Reprinted from Caledonian Record
Governor Sununu has issued a proclamation recognizing October as Rett Syndrome Awareness Month. Rett Syndrome is a severe neurological disorder, caused by a sporadic mutation of the MECP2 gene on the X chromosome, which occurs almost exclusively in females. Although males can also be affected, most do not survive to childhood. It is rarely inherited, but can randomly strike any expectant family, regardless of race or ethnicity. Rett Syndrome becomes apparent after 6 to 18 months of early normal development. This is followed by a period of regression that leads to lifelong impairments. Those affected by Rett Syndrome have little purposeful hand use due to unusual repetitive hand movements. Speech is lost, seizures develop, and scoliosis occurs. Irregular breathing patterns, digestive issues, and orthopedic problems are common. More than half of affected girls and women lose their ability to walk. The most severe handicap is apraxia, the inability to carry out intended movements. Girls diagnosed with Rett Syndrome will require lifelong maximum assistance with every aspect of daily living. Although more than 50 percent will live to age 50, females with Rett Syndrome are at risk for sudden, unexplained death due to cardiorespiratory compromise or uncontrolled seizures. A girl is born every 2 hours with Rett Syndrome.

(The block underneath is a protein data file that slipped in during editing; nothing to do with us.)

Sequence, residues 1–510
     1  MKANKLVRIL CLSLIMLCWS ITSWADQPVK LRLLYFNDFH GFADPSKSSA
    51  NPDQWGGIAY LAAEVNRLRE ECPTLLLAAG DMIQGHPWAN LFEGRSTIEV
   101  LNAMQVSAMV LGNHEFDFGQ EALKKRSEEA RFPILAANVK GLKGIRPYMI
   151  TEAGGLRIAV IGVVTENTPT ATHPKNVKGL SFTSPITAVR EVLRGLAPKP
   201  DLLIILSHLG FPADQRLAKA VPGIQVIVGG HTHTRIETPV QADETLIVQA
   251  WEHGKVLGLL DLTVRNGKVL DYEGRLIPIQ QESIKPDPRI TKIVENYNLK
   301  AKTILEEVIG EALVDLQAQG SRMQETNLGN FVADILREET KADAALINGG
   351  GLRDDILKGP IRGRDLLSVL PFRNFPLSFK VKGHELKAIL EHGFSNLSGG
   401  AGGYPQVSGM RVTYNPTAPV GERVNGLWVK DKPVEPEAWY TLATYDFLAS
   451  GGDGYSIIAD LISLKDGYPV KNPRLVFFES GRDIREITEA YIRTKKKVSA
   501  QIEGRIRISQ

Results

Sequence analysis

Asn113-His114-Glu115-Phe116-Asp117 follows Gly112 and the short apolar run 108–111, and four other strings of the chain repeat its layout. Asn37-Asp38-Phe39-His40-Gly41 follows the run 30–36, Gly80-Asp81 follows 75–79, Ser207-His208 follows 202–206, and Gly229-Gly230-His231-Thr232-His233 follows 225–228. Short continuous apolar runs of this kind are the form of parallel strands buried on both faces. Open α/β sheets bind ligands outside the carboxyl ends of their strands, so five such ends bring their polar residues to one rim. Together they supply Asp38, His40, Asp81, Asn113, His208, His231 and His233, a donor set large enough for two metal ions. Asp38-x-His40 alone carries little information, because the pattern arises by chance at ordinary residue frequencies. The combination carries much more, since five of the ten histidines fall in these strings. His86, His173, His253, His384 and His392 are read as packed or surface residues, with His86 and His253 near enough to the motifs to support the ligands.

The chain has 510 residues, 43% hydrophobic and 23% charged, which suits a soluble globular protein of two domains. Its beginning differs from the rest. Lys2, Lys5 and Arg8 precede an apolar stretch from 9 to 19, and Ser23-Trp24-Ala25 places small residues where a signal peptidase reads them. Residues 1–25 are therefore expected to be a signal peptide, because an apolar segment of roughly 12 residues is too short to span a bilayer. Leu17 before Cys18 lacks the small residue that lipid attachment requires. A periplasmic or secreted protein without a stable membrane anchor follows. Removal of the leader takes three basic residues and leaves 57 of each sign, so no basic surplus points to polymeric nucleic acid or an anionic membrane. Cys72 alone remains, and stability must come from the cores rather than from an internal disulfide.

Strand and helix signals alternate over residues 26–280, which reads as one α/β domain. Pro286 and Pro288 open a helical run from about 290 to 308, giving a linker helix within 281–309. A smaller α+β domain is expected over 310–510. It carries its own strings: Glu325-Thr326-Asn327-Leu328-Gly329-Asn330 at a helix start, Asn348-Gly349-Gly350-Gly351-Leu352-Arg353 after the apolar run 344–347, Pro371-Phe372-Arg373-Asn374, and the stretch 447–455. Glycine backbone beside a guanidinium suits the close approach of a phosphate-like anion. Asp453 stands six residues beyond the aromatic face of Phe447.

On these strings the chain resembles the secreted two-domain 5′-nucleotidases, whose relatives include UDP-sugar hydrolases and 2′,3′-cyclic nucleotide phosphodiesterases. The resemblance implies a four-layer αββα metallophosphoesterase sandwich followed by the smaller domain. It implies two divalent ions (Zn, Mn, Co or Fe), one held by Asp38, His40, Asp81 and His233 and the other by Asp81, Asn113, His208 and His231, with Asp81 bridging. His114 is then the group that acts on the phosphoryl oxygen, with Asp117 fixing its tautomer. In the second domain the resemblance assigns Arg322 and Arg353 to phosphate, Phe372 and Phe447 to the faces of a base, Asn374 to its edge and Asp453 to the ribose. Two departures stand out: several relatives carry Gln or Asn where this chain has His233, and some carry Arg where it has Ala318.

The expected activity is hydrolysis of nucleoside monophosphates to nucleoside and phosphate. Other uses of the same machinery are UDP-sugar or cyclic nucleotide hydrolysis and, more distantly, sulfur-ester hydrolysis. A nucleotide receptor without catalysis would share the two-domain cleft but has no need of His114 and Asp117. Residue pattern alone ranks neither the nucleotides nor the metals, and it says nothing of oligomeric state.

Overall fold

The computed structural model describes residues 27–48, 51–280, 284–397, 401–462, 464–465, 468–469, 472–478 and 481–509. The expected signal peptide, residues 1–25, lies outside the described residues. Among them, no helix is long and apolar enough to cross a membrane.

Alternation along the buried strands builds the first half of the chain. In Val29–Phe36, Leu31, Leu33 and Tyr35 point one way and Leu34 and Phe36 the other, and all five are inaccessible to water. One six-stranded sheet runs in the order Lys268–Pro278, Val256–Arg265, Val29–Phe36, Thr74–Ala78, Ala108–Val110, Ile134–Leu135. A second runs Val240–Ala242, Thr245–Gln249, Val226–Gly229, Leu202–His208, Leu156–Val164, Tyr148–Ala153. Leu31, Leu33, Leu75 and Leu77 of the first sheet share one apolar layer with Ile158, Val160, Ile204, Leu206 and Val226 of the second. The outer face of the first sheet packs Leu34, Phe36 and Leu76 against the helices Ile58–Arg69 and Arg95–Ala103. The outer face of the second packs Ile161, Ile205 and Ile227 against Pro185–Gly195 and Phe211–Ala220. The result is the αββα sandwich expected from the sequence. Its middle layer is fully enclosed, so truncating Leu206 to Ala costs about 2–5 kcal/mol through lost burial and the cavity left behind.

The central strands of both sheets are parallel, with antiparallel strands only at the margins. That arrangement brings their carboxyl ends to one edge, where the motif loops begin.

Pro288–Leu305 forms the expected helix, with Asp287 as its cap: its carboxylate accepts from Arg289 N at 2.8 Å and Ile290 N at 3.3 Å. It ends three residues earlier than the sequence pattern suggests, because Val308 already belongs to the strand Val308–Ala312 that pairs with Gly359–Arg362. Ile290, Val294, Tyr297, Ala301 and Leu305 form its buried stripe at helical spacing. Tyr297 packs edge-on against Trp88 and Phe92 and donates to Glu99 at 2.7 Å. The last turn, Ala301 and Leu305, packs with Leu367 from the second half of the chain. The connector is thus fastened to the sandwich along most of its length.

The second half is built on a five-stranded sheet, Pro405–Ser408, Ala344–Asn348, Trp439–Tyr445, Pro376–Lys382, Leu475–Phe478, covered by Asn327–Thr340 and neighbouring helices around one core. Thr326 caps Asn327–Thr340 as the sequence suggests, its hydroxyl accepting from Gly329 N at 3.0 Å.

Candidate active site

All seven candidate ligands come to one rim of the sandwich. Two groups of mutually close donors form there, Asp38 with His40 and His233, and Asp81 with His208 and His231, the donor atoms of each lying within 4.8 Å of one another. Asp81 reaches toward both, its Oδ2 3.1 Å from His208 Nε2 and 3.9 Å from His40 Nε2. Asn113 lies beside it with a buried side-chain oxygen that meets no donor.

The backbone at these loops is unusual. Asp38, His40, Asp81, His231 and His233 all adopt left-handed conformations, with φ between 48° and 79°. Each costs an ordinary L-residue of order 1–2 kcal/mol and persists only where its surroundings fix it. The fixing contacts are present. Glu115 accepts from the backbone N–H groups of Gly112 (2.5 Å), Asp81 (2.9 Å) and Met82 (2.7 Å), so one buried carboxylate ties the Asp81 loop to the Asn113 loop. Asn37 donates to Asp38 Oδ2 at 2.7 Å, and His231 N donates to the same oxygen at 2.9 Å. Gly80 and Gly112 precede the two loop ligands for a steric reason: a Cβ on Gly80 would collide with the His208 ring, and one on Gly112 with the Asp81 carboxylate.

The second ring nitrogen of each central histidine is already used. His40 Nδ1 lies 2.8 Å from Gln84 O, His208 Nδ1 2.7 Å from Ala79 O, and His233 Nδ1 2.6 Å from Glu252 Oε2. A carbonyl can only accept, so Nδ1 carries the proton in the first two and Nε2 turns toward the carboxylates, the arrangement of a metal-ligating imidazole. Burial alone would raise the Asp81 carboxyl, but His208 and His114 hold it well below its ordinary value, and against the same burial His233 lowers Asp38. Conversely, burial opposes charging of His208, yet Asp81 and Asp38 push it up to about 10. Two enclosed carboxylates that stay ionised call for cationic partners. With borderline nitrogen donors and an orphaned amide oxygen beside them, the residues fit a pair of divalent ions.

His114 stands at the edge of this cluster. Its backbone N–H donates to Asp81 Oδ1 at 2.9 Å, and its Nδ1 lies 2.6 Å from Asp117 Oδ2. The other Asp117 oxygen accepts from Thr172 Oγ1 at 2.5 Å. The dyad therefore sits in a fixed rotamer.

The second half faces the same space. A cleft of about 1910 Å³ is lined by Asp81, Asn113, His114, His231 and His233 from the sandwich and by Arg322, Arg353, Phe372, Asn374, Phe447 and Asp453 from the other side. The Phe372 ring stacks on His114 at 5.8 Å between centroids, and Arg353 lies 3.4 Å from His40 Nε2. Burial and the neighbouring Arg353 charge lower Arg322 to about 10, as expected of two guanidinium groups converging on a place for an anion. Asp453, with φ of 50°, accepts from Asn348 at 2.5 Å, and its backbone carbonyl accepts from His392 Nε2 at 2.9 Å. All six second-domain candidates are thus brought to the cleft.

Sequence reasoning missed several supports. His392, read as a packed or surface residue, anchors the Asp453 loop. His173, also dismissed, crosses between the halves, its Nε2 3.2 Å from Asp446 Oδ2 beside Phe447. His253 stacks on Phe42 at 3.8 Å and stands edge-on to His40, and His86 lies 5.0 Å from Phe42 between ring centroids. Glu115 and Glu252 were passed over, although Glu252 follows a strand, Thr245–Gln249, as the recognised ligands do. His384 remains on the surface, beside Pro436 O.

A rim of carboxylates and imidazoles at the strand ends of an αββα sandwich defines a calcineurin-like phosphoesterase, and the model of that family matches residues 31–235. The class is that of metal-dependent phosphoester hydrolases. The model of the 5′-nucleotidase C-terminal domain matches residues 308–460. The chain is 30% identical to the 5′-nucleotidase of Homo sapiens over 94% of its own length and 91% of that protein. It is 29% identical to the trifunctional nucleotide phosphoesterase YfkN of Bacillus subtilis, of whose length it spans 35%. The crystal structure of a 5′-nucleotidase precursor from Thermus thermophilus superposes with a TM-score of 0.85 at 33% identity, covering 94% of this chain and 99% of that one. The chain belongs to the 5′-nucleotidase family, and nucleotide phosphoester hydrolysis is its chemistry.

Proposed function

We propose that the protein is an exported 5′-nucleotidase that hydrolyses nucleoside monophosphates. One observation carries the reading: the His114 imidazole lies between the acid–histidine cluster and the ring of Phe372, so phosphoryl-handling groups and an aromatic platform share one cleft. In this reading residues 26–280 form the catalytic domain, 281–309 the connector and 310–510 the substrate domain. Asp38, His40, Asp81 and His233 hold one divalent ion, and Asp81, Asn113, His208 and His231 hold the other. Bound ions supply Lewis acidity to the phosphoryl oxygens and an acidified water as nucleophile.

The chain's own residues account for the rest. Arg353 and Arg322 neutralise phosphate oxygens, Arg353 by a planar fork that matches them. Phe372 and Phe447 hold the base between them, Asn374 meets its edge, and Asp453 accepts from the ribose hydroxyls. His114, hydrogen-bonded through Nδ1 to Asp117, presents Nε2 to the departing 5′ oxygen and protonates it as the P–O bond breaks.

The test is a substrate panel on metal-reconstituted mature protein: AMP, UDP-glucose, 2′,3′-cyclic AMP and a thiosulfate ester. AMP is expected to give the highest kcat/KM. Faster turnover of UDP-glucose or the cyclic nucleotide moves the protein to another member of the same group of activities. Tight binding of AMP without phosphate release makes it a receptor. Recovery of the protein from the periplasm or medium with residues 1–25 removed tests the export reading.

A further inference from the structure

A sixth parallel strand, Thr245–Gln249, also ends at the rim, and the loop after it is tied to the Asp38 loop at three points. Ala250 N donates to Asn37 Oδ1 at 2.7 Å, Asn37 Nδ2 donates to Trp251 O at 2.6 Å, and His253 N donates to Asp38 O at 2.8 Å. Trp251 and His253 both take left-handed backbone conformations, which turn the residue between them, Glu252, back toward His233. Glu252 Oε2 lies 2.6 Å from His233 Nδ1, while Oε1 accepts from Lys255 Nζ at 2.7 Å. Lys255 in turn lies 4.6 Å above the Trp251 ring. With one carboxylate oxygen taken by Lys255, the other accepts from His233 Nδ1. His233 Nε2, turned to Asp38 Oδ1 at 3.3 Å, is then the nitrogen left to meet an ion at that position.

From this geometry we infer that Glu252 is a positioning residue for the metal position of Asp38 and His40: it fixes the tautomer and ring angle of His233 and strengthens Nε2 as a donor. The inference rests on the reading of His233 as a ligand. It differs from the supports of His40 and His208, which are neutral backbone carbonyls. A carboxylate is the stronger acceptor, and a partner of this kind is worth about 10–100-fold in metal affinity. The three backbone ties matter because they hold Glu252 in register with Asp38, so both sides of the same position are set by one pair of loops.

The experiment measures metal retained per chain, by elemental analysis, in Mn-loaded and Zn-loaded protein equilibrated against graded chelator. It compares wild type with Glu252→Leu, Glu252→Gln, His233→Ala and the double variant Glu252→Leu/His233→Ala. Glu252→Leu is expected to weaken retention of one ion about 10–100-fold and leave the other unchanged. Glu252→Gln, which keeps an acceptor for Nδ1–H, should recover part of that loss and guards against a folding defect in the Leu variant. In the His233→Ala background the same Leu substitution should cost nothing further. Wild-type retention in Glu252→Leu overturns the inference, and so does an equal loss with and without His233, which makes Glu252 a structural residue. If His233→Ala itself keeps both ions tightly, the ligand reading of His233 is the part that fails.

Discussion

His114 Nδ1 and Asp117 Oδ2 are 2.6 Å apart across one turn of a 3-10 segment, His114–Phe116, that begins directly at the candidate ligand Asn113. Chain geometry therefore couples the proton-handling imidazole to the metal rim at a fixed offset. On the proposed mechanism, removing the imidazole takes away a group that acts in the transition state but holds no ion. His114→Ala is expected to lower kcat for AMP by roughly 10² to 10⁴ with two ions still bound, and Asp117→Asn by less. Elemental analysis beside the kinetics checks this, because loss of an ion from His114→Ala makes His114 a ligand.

Although there is no cure at this time for Rett Syndrome, great strides have been made since the discovery of the responsible gene in 1999. The International Rett Syndrome Foundation (IRSF), a not-for-profit 501 (C) (3) corporation, has invested more than $44 million toward biomedical research projects focused on discovering treatments and clinical applications for patients with Rett Syndrome. Studies suggest Rett Syndrome and related disorders are reversible even in the late stages of the disorder. IRSF directs 91 percent of every dollar raised to research and family empowerment.
“We are pleased that Governor Sununu has joined a number of other state governors in proclaiming October 2018 Rett Syndrome Awareness Month and drawing attention to this devastating disorder,” stated Julia Whitcomb, NH Regional Representative for IRSF, which lists 20 families affected by Rett Syndrome in New Hampshire. Ms. Whitcomb is the mother of Abigail, 28, who was diagnosed with Rett Syndrome in early childhood. “Life is a difficult journey for our girls, but we are optimistic that we are closer than ever to new treatments and someday a cure. Each day with our girls is a gift as we seek opportunities to enhance their lives.”
To learn more about Rett Syndrome and IRSF, visit www.rettsyndrome.org.